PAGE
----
Lessons from corrections and bear markets

05/17/22
  • S&P 500 ended last week more than 15% below its weekly closing high
  • Crossing that threshold has led to a bear market 85% of the time
  • Larger-than-average rallies sometimes followed downturns

When the S&P 500 (SPX) closed last Friday at 4,023.89, it was down 15.6% for the year—not the most significant milestone, perhaps, considering the index had traded within 21 points of bear-market territory a day earlier.1 But Friday, December 31 also happened to be the SPX’s highest-ever weekly closing price (4,766.18):

Chart 1: S&P 500 (SPX), 9/13/21–5/13/22 (weekly). S&P 500 (SPX) price chart. Closed more than 15% below record weekly close last Friday.

Source: Power E*TRADE. (For illustrative purposes. Not a recommendation.)


And whenever the SPX has ended a week 15% or more below a previous weekly close, it has fallen into a bear market (in terms of daily prices) all but two times over the past 65 years.

Whether the market “officially” crosses the bear threshold may already feel like a moot point, but looking at what the SPX has done after the other times it ended a week 15% below a previous weekly close provides some important perspective—namely, we get an idea of what traders and investors experienced when the market was in a similar position to the one it finds itself in now.

The following table summarizes 13 other downturns since 1957, showing (from left to right): the date of the weekly high closing price being referenced, how many weeks it took the index to close 15% below it, how many additional weeks (if any) it took for the move to reach its maximum loss, and the size of that maximum loss:

Chart 2: S&P 500 (SPX) 15%-or-larger declines (weekly closing basis), 1957–2021. Took market another 25 weeks, on average, to bottom.

Source (data): Standard & Poor’s. (For illustrative purposes. Not a recommendation.)


The big takeaways:

1. It took the SPX an average of 26 weeks to hit the -15% threshold. (This year it did it in 19 weeks—December 31, 2021 to last Friday.)
2. It took the SPX another 25 weeks, on average, to reach its eventual low.
3. The SPX’s average loss at that low was -30%.2

While this may not sound like cause for celebration, the individual results are important. In two cases (1988 and 2018) the SPX made longer-term lows the same week it crossed the -15% threshold, and in three others (1957, 1966, and 1976-77) it took the index 10 weeks or less to hit its eventual low, and its additional losses were fairly mild.3

Of course, at the other end of the spectrum are the extended bear markets of 1973-74, 2000–2003, and 2007-09. For example, it took the SPX another 84 weeks—more than a year and a half—to establish its eventual low after crossing the -15% threshold after its March 2000 high.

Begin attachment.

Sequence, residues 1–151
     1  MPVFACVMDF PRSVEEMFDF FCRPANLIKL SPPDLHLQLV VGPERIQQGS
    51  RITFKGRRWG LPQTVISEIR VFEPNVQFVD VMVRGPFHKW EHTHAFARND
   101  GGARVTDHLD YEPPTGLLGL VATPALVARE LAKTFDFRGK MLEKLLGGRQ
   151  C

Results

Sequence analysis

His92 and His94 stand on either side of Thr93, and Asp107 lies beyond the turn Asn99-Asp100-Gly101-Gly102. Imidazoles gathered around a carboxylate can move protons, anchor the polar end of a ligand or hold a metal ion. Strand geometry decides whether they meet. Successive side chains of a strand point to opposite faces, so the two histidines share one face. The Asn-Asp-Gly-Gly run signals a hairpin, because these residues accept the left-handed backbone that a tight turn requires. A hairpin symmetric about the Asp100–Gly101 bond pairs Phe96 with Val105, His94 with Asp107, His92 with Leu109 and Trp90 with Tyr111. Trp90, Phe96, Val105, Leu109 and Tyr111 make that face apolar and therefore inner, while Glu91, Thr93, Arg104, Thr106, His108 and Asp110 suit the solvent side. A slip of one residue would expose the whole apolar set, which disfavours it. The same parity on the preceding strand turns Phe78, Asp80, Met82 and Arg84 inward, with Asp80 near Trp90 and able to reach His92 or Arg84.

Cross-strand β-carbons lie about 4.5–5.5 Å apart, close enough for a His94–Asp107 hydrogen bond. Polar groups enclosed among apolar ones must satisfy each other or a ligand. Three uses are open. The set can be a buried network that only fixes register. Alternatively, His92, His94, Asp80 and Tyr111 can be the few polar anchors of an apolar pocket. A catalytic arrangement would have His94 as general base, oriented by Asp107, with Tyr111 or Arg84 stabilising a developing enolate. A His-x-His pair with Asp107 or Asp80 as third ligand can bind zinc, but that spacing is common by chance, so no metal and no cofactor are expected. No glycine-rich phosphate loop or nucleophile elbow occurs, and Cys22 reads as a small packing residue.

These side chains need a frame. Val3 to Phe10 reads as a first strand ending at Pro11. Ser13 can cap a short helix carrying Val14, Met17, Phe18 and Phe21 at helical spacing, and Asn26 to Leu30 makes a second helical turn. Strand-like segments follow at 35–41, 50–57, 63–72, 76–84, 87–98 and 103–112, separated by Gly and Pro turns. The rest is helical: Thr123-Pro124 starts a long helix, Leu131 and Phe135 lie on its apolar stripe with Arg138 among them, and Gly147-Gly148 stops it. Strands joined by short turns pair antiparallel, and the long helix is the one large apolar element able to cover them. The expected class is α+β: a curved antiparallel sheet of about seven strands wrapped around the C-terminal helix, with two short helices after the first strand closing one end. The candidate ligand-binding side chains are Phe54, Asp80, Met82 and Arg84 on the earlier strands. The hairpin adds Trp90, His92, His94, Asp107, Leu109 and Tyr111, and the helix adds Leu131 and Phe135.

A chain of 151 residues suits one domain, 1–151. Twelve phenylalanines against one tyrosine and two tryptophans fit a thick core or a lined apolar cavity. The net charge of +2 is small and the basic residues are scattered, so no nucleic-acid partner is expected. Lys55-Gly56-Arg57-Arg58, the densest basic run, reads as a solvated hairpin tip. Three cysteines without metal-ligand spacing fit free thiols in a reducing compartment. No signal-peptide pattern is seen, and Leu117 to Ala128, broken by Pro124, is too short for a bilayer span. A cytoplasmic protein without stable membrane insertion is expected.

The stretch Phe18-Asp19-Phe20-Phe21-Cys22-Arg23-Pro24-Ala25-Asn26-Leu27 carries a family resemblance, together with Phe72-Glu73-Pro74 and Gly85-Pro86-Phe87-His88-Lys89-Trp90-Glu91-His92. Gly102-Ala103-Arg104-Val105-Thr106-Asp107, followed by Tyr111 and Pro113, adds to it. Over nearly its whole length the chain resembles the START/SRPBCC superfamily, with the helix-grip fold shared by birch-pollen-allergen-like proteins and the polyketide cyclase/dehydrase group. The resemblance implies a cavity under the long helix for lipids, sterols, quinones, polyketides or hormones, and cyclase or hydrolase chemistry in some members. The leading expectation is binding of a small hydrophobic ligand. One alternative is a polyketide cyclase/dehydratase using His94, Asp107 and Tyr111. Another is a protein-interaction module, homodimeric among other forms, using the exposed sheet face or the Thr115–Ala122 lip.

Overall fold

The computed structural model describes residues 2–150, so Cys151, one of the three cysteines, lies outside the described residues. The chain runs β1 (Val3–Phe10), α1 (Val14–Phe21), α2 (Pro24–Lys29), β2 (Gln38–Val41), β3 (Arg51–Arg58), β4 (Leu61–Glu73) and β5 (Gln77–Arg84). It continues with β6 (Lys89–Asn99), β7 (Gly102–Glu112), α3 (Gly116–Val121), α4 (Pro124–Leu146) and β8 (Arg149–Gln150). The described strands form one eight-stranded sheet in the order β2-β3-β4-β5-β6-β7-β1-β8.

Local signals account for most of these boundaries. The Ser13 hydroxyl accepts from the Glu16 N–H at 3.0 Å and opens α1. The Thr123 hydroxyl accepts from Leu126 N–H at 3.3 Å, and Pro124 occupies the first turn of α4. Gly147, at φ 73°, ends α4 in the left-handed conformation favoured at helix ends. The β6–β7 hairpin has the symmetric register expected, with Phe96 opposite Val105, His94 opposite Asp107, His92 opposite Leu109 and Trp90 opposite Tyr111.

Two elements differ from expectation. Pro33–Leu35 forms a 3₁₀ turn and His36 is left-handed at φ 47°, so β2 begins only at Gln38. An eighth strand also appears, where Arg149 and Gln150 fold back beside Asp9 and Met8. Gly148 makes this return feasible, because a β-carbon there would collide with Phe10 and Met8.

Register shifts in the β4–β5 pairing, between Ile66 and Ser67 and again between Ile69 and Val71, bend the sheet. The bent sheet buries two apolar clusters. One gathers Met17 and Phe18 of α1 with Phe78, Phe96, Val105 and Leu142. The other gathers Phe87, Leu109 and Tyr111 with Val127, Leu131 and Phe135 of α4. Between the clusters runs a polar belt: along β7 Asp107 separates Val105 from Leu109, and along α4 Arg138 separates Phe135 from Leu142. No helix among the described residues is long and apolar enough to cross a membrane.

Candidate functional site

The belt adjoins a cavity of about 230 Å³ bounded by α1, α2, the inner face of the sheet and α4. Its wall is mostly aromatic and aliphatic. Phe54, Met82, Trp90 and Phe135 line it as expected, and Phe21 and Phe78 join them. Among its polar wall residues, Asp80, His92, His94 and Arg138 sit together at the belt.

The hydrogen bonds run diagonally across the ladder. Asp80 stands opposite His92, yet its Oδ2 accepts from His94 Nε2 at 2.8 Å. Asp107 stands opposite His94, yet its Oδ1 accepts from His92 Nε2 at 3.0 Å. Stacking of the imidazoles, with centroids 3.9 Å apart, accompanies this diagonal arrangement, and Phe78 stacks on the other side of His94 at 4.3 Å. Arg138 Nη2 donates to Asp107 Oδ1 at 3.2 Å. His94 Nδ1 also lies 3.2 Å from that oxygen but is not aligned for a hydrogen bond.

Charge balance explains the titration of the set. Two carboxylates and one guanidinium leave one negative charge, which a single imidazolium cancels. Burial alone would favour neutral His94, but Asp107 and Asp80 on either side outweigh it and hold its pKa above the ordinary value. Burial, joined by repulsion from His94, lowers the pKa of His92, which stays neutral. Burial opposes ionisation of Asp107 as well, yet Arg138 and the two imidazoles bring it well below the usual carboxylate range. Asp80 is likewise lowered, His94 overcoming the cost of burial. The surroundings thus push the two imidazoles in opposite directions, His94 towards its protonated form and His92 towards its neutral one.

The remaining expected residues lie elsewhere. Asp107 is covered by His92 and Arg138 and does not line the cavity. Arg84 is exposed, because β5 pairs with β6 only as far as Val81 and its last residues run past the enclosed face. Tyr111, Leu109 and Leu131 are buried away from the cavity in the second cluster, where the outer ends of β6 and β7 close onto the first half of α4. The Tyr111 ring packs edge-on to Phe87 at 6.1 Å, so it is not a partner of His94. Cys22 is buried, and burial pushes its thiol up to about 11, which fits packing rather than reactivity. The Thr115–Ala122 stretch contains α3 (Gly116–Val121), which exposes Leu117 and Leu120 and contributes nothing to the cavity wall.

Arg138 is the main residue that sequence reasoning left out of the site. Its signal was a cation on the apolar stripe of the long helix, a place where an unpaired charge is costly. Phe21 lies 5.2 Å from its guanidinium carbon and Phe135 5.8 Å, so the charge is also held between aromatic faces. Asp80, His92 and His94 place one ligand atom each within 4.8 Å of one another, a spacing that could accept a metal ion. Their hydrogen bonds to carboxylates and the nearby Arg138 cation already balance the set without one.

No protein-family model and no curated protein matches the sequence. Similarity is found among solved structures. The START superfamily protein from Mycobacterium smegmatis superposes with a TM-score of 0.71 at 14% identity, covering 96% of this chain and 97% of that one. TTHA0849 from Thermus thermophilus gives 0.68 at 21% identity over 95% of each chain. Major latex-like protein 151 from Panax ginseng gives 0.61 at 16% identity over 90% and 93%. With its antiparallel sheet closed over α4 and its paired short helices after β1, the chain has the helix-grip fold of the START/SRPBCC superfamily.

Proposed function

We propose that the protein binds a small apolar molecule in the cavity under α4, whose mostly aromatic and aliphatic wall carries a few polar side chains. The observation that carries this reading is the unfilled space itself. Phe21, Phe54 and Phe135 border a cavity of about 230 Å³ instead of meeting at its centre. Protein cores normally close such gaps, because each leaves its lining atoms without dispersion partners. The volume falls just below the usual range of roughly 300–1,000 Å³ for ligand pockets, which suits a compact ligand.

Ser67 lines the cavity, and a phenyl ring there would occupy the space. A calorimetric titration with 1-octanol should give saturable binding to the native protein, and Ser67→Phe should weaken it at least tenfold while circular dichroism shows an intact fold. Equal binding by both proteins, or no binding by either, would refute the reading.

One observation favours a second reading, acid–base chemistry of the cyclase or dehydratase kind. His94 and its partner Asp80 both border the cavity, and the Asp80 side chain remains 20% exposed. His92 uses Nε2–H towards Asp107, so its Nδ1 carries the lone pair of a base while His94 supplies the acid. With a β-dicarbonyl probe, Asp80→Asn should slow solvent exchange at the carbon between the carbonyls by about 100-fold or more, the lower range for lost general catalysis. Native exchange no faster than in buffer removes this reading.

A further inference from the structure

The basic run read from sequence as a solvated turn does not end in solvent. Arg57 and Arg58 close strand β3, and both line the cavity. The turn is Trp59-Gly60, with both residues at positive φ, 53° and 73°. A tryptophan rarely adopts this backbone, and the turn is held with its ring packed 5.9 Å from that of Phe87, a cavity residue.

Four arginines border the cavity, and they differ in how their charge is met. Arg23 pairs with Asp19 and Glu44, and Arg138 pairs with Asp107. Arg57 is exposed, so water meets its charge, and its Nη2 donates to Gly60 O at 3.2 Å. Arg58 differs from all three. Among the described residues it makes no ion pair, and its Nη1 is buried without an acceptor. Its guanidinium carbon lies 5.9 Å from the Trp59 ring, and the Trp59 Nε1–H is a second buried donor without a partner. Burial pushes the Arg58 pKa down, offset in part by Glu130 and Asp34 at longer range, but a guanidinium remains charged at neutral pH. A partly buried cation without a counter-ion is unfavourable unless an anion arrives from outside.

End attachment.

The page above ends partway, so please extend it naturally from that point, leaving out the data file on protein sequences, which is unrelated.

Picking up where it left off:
Although the most negative implication of this survey is that the current correction may not be over, another key takeaway is that these episodes all eventually ended, and the market ultimately pushed to new highs. Also, the initial phase of the upside reversal was often exceptionally strong. The following table shows the SPX’s percentage returns in the first 12 months after hitting its correction/bear-market lows:

Chart 3: SPX one-year returns off correction/bear-market lows, 1957–2021. Outsized gains.

Source (data): Standard & Poor’s. (For illustrative purposes. Not a recommendation.)


Again, there was a wide range of results, but the SPX’s average gain in its first 12 months after a hitting a correction/bear-market low was nearly 40%—around five times as big as the SPX’s average 12-month return since 1958.

The catch, of course, is that it’s impossible to know when a low will occur. But for long-term investors, especially, that’s not the point. The point is to remember that if you’re not in the market—if, for example, you got out on the way down—you won’t be able to participate in the growth phases that can sometimes follow corrections and bear markets.

Today’s numbers include (all times ET): Retail Sales (8:30 a.m.), Industrial Production and Capacity Utilization (9:15 a.m.), Business Inventories (10 a.m.), NAHB Housing Market Index (10 a.m.).

Today’s earnings include: Home Depot (HD), Walmart (WMT), Keysight Technologies (KEYS).

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1 “Bear market” traditionally refers to an index or individual stock trading 20% or more below its previous highest daily closing price.
2 Although the 1976-77 move never exceeded -19% in terms of weekly closing prices, it briefly passed the bear-market threshold in terms of daily prices.
3 All figures reflect S&P 500 (SPX) weekly and monthly closing prices, 1957–2022. (“One-year return” represents 52-week close-to-close move.) Supporting document available upon request.

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